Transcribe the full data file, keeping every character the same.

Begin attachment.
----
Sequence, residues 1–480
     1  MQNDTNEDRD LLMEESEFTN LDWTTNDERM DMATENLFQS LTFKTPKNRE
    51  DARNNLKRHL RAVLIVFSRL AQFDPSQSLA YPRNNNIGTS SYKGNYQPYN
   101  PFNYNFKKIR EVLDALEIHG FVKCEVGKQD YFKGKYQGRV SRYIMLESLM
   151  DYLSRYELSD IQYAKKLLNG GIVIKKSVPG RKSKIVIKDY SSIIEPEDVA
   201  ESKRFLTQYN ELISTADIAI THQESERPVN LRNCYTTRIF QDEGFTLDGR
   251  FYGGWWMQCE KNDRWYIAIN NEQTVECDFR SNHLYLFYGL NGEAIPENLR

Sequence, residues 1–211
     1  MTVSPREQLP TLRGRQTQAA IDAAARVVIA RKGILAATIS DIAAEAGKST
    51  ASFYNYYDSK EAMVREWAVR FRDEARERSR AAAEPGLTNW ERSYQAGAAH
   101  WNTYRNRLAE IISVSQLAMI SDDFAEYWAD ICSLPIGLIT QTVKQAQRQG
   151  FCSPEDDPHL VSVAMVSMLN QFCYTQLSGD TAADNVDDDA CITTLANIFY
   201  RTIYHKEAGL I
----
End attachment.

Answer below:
Sequence, residues 1–480
     1  MQNDTNEDRD LLMEESEFTN LDWTTNDERM DMATENLFQS LTFKTPKNRE
    51  DARNNLKRHL RAVLIVFSRL AQFDPSQSLA YPRNNNIGTS SYKGNYQPYN
   101  PFNYNFKKIR EVLDALEIHG FVKCEVGKQD YFKGKYQGRV SRYIMLESLM
   151  DYLSRYELSD IQYAKKLLNG GIVIKKSVPG RKSKIVIKDY SSIIEPEDVA
   201  ESKRFLTQYN ELISTADIAI THQESERPVN LRNCYTTRIF QDEGFTLDGR
   251  FYGGWWMQCE KNDRWYIAIN NEQTVECDFR SNHLYLFYGL NGEAIPENLR

Sequence, residues 1–211
     1  MTVSPREQLP TLRGRQTQAA IDAAARVVIA RKGILAATIS DIAAEAGKST
    51  ASFYNYYDSK EAMVREWAVR FRDEARERSR AAAEPGLTNW ERSYQAGAAH
   101  WNTYRNRLAE IISVSQLAMI SDDFAEYWAD ICSLPIGLIT QTVKQAQRQG
   151  FCSPEDDPHL VSVAMVSMLN QFCYTQLSGD TAADNVDDDA CITTLANIFY
   201  RTIYHKEAGL I